Michigan forward Jordan Morgan excels again and Glen Rice's dream matchup fizzles
Mel Evans | AP Photo
This, though, was different.
Syracuse had long bodies. It had highly-touted recruits. And Morgan, the Michigan basketball team's redshirt freshman forward from Detroit, outplayed them, too.
Morgan had 11 points and eight rebounds in Michigan's 53-50 loss to Syracuse Friday in a semifinal of the Legends Classic.
He played well enough that he was part of the reason Syracuse adjusted the structure of its 2-3 zone in the second half.
“They were probably a little more focused on stopping our inside game once they realized we had interior play,” said Morgan, who had averaged 12 points and 7.3 rebounds in wins over South Carolina Upstate, Bowling Green and Gardner-Webb.
“Blake (McLimans) hit a little jump shot in the middle and they probably felt they had to respect it a little bit more, so that was able to get our shooters open.”
Michigan’s shooters couldn’t do much with it in the second half, but Morgan proved he could play with any opponent in the country.
“It was a good first half for him, (it showed) that he can do some things,” Michigan coach John Beilein said. “He’s learning, but we keep pushing him to get even more done because he’s learning about the intensity you have to play with at this level.
“He’s soaking it up, wants to be a player.”
On Friday night in this East Coast gambling town, Morgan showed why going with him as Michigan’s starting center is no risk.
Spark off the bench Junior guard Stu Douglass continued his solid play off the bench, scoring 11 points and giving Michigan a much-needed lift from the 3-point line.
Douglass made 3 of 6 long-range shots, including a critical one with 5:50 left to give Michigan its last lead, 45-44
“They really keyed on him in the second half much more,” Beilein said. “I told Stu, you know how important it is. We’ve always had guys come off the bench and give us a spark, score some points and guard. Stu is a very good defender.
“It was really good for him to do that. Especially against that zone, you need someone who can shoot deep and, at the same time, he does a great job running our club when called upon.”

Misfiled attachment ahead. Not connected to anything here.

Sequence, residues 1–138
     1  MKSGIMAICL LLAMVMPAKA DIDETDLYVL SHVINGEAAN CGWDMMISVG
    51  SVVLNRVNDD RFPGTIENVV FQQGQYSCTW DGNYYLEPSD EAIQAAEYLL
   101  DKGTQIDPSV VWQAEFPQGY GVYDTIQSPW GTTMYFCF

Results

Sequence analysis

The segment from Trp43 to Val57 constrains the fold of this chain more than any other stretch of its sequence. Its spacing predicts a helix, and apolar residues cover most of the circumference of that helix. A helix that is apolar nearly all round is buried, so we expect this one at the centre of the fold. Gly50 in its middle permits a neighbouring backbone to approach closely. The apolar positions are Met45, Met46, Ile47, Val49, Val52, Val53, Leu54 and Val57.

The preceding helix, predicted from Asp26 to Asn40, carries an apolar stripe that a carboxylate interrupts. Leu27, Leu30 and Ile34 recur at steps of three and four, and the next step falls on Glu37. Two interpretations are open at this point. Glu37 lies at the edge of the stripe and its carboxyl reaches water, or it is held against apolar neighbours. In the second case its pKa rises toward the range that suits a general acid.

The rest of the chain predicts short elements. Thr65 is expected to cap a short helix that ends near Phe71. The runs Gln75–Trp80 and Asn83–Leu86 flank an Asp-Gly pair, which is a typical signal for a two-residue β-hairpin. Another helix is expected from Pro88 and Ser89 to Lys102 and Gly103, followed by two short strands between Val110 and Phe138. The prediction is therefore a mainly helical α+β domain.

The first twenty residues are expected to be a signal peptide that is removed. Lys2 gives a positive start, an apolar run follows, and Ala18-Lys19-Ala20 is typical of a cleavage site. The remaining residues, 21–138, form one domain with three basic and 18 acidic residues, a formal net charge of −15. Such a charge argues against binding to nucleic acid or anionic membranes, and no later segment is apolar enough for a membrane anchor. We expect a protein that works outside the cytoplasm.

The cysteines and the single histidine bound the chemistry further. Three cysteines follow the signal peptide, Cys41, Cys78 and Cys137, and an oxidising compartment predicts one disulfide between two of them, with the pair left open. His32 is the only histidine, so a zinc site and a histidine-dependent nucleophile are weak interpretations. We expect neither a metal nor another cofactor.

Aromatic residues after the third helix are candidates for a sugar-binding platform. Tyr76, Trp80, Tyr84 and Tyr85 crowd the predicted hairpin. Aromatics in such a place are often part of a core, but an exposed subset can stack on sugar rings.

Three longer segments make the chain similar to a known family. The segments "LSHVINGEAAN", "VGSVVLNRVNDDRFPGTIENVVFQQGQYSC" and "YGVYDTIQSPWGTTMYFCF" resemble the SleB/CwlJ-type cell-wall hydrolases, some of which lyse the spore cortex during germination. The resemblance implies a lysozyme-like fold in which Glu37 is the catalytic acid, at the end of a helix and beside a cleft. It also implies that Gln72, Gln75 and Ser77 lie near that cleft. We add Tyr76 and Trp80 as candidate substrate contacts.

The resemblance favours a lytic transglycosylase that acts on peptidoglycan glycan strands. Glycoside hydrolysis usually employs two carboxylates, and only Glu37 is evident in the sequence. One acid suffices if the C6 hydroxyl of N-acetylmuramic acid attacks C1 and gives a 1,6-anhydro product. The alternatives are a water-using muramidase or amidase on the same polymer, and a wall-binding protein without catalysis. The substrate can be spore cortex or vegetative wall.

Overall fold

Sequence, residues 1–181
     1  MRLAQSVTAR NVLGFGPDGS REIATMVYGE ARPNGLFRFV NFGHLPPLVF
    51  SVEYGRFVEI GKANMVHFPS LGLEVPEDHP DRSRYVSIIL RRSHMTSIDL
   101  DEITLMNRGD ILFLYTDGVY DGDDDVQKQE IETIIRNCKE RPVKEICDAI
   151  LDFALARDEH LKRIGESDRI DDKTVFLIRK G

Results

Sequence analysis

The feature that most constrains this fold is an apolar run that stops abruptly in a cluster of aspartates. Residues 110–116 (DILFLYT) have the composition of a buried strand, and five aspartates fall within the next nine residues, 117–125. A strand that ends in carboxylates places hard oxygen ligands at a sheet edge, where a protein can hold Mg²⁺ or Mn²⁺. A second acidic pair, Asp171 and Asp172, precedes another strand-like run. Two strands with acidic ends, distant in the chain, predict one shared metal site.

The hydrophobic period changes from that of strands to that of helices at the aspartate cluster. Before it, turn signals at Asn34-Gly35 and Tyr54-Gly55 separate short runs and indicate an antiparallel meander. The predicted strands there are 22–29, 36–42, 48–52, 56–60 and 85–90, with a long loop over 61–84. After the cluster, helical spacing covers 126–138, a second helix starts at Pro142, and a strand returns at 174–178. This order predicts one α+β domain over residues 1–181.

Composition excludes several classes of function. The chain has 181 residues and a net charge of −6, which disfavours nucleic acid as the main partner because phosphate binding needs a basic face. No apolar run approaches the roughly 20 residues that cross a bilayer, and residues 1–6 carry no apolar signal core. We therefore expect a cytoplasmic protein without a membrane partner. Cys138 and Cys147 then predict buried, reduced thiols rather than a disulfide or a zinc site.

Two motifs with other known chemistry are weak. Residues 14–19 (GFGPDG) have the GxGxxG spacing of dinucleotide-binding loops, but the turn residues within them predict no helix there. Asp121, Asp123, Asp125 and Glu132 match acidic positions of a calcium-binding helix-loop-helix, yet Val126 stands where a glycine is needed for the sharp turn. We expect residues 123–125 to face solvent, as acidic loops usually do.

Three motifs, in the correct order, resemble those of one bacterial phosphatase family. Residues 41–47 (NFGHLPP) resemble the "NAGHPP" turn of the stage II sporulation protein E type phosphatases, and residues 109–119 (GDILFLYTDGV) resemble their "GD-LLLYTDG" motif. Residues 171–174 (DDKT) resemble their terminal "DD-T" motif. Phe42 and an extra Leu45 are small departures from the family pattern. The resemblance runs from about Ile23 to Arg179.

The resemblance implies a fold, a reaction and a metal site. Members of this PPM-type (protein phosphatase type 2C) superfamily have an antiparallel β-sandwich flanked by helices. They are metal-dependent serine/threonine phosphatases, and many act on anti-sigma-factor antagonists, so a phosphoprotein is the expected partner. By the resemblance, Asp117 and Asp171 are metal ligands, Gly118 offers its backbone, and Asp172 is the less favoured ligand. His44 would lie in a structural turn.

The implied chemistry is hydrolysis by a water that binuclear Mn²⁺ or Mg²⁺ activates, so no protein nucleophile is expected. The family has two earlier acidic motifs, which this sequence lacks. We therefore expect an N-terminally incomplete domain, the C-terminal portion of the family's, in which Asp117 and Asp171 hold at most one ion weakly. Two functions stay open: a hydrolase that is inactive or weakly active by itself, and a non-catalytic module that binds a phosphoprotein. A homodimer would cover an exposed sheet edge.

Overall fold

Rice won’t get his matchup ... Former Michigan guard Glen Rice, the school’s all-time leading scorer, sat in the seventh row Friday night watching his son, Glen Rice Jr., play for Georgia Tech.
At halftime of the Yellow Jackets’ 71-61 win over UTEP, Rice confessed he wanted to see his son play his alma mater.
And that, if it happened, he would root for Michigan.
“I’ve only been dreaming about Michigan and Georgia Tech playing,” Rice said. “And when I think about it, I’m thinking ‘How is this going to work? I’ve got to cheer for Michigan and I’ve also go to cheer for my son.’”
He won’t get his wish. Instead, he’ll be able to hope his alma mater wins a consolation game and then root for his son in a championship game against Syracuse.
... but Hardaway Jr. will Heading to Atlantic City, Michigan freshman guard Tim Hardaway Jr. thought about the possibility of playing UTEP, his father’s alma mater.
This just wasn’t the way he wanted it.
Tim Hardaway Sr., who starred at UTEP before an All-Star career in the NBA, was also in attendance at Boardwalk Hall.
“We talked about it here and there, I knew that was one of the other reasons he came up here, to watch his alma mater play,” Hardaway Jr. said. “It’s going to be a nice game.”
Still winless against Boeheim Beilein entered Friday’s game 0-8 against Syracuse coach Jim Boeheim. He left 0-9, but with his team closing the gap.
In 2006, Boeheim’s Syracuse team beat Beilein’s West Virginia team, 60-58. So for the second straight game, four years apart, it was close.
“We beat them in the past because our offense was good,” Boeheim said. “Our offense was horrible tonight.”
This and that Michigan’s nine turnovers were a season-low. So were the Wolverines’ 11 assists. The 19 points scored in the second half was a season-low. Among the luminaries in the stands Friday were Rice, Tim Hardaway Sr. and former NBA player Pervis Ellison.